Monday, 6 September 2010

Blackberry Vinegar

It's the time of year to wander around the hedgerows, assuming that you can still find any, collecting blackberries – I suppose I should say brambles really. There’s nothing original about how I make blackberry vinegar but I find it's really useful throughout the year and especially during the winter to come. I use it in dressings, marinades and dishes like red cabbage.
Blackberries 1
The first time I made this I couldn't quite believe the amount of sugar that's traditionally added, but when you realise that this is more of a flavouring syrup than a vinegar then it makes sense. All you need is white wine or cider vinegar, sugar and blackberries and this is all you do……

Wash and pick over the berries, getting rid of any foreign bodies and other nasty bits and weigh them once they've drained thoroughly. Put the berries in a deep, non-reactive bowl. Traditionally you now need to add 1 pint of vinegar for every pound of berries – I'm a bit generous with the vinegar and add around 580 ml of white wine vinegar to every 450 g of berries. Stir the berries around in the vinegar briefly and give them a gentle crush. At this point you can add herbs, such as a few leaves of lemon verbena, but this certainly isn't essential. Cover the bowl and leave it for between 3 and 5 days – give it a quick stir every day if you remember.

When the time's up, strain the berry and vinegar mix through muslin. This may take a while but you are allowed to press the berries a little to force out the juice. Measure the resulting liquid. The traditional, and I think best, method at this point is to add 1 pound of sugar for every pint of vinegar – so 450 g of granulated sugar to every 570 ml of vinegar.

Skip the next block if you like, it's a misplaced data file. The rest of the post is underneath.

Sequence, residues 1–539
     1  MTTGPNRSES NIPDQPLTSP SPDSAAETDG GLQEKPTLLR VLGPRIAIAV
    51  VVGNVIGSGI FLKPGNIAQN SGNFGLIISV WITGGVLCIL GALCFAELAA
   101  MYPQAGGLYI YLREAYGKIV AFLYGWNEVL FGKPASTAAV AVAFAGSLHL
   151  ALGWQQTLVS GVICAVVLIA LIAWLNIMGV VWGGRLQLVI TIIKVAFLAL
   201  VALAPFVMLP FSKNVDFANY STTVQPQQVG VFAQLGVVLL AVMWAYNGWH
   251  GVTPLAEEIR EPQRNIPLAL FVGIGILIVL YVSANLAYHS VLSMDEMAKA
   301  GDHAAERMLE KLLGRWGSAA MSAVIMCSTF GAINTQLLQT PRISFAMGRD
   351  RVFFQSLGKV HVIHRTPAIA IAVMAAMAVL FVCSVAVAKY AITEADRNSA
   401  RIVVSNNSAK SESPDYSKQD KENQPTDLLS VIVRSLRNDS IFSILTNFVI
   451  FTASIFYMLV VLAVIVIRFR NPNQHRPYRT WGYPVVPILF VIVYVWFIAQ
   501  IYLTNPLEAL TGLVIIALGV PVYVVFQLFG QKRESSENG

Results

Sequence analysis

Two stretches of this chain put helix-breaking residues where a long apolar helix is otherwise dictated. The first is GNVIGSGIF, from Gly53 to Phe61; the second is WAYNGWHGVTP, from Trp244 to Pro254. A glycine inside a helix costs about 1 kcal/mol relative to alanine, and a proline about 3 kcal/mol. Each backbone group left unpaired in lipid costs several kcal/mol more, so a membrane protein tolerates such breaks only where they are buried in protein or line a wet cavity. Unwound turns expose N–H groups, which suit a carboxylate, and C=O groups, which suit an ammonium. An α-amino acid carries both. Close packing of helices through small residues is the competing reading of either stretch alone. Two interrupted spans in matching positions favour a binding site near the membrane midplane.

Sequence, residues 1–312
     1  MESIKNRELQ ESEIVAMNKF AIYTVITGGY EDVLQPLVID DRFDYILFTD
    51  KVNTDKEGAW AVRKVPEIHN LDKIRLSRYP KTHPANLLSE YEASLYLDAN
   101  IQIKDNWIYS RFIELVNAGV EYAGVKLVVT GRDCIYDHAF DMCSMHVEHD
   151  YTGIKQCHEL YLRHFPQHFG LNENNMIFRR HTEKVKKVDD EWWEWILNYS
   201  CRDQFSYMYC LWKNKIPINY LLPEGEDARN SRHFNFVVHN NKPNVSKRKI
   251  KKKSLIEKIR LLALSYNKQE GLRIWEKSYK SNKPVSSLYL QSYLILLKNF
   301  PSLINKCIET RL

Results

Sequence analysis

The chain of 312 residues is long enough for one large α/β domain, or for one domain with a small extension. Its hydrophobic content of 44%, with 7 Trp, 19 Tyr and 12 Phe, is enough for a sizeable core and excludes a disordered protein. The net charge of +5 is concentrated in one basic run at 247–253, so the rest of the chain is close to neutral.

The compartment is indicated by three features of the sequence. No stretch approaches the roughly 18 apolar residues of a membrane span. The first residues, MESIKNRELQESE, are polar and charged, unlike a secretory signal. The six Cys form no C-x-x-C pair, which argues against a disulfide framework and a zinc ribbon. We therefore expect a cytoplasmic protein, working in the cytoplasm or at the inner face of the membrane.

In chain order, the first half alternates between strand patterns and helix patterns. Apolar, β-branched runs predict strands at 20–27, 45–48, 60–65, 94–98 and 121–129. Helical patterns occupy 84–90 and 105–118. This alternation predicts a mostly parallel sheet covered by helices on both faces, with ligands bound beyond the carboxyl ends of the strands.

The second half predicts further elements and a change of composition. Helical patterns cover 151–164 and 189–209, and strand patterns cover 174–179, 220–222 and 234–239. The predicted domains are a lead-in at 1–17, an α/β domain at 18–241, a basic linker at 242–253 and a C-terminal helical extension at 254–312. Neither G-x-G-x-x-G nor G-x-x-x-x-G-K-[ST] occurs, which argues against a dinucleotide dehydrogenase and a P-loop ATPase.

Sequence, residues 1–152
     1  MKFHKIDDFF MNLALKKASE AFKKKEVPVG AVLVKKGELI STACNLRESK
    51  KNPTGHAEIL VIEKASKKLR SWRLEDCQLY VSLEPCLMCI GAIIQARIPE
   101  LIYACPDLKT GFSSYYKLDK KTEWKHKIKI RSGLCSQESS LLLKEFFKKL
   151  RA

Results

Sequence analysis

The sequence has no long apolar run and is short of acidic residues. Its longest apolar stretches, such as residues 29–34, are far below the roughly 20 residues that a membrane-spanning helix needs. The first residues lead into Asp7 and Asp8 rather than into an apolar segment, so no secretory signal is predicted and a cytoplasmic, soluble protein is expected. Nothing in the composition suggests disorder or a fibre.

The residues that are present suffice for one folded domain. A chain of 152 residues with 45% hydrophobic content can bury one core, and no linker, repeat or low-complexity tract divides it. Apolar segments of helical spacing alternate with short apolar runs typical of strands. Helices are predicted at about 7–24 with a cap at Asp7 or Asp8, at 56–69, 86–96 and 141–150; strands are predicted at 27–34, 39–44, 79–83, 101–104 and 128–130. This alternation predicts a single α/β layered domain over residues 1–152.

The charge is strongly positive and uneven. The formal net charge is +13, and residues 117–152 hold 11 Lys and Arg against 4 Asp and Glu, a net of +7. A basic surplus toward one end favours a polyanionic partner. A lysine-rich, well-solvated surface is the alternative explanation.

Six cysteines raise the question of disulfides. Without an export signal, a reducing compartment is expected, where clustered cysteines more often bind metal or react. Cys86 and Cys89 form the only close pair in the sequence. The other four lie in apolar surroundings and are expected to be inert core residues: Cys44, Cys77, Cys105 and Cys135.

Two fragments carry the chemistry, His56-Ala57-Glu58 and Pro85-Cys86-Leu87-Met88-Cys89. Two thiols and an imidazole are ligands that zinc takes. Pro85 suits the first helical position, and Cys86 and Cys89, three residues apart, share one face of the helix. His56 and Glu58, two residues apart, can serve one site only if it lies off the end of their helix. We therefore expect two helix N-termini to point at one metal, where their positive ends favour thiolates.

Pour the mixture into a non-reactive saucepan and bring it up to boiling point while stirring to ensure that the sugar dissolves fully. Simmer very gently for 15 minutes skimming off any nasty looking stuff that floats to the surface.
Blackberry Vinegar 1
Let the vinegar cool before pouring into bottles and admiring the colour. This should keep for many, many months, but I seem to use most of it up during the winter without really trying.

You can make raspberry vinegar in exactly the same way and very nice it is too, though personally I don’t find it as useful as blackberry.

Blackberries 4[3]

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